Researchers develop new blood test for faster, cheaper and more accurate detection of Alzheimer's disease
Doctors may one day be able to diagnose Alzheimer's disease (AD), the most common cause of severe dementia, and monitor a patient's response to treatment by doing a simple blood test. This is made possible using the APEX (Amplified Plasmonic EXosome) system invented by researchers from the National University of Singapore (NUS).
Designed to pick up an early-stage molecular marker of AD, the aggregated amyloid beta (Aβ), the APEX system could potentially diagnose AD even before clinical symptoms appear.
This novel technology is highly sensitive and provides an accurate diagnosis—comparable to brain PET imaging, the current gold standard for AD diagnosis—at about S$30 per test, which is less than one percent of the cost of PET imaging. The current design could test 60 samples simultaneously and results are available in less than one hour. As the APEX system uses native blood plasma without additional sample processing, it conducts direct measurement and is very simple to use in clinical settings.
Led by Assistant Professor Shao Huilin from the NUS Institute for Health Innovation & Technology (NUS iHealthtech), the 12-member research team spent two years developing APEX. The team recently published its research findings in prestigious scientific journal Nature Communications. The study was featured as an Editors' Choice by the journal.
Early detection and monitoring of AD
Dementia is the public health crisis of the 21st century. In 2018, dementia has affected 50 million people worldwide, and the number is expected to rise to 82 million by 2030 and 152 million by 2050. Every year, over 9.9 million new cases of dementia are diagnosed worldwide.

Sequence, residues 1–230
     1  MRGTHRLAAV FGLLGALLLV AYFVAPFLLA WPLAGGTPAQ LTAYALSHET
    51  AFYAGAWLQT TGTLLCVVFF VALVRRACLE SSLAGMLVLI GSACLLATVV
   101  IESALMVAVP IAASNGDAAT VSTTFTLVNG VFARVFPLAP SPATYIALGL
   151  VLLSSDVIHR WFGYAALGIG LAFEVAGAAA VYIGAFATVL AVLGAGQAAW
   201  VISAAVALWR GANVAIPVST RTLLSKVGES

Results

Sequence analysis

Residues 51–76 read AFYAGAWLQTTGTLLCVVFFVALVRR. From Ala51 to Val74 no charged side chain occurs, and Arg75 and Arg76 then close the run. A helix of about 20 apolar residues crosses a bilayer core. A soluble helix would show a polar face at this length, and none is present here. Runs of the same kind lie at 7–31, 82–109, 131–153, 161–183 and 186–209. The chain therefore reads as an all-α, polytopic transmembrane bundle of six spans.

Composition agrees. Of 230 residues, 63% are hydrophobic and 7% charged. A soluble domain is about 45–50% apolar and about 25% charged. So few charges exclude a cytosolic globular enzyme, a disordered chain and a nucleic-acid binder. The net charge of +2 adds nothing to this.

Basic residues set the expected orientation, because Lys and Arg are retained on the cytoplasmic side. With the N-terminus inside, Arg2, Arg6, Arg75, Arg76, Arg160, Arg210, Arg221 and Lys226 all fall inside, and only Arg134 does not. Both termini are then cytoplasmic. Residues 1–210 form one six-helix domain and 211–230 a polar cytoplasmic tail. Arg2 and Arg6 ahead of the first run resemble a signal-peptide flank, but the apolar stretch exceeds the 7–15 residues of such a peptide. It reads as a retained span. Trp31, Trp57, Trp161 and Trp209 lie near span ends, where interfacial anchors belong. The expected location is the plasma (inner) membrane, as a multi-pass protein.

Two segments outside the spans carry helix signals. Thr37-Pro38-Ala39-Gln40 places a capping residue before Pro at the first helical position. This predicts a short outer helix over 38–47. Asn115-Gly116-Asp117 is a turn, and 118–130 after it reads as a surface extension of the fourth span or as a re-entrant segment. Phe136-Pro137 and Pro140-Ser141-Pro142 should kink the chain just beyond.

AD is the most common cause of dementia. Due to the complex and progressive nature of AD, early detection and intervention can improve the success of disease modifying therapies. Unfortunately, current AD diagnosis and monitoring—using clinical evaluation and neuropsychological assessments—are subjective and the disease tends to be detected only at a late stage. Other alternatives such as PET imaging and cerebrospinal fluid test are either too expensive for wide clinical adoption or require invasive lumbar punctures.
Blood-based tests, on the other hand, have the advantage of being safe, affordable and easy to administer. However, one key challenge for scientists is that blood has very low concentrations of AD molecules, and not all of these molecules are disease-reflective, making detection and diagnosis very difficult.
The invention by the NUS team is therefore a big step forward by providing a solution to effectively 'capture' and measure the most meaningful AD molecules in blood samples and amplify them for analysis.
Asst Prof Shao said, "There is currently no good blood-based method to effectively screen and monitor AD. New tests that are under investigation have either poor accuracy or low sensitivity. The APEX technology addresses both of these limitations and is therefore a very powerful and objective companion diagnostic system to complement existing clinical and neuropsychological tests for early detection and better management of AD."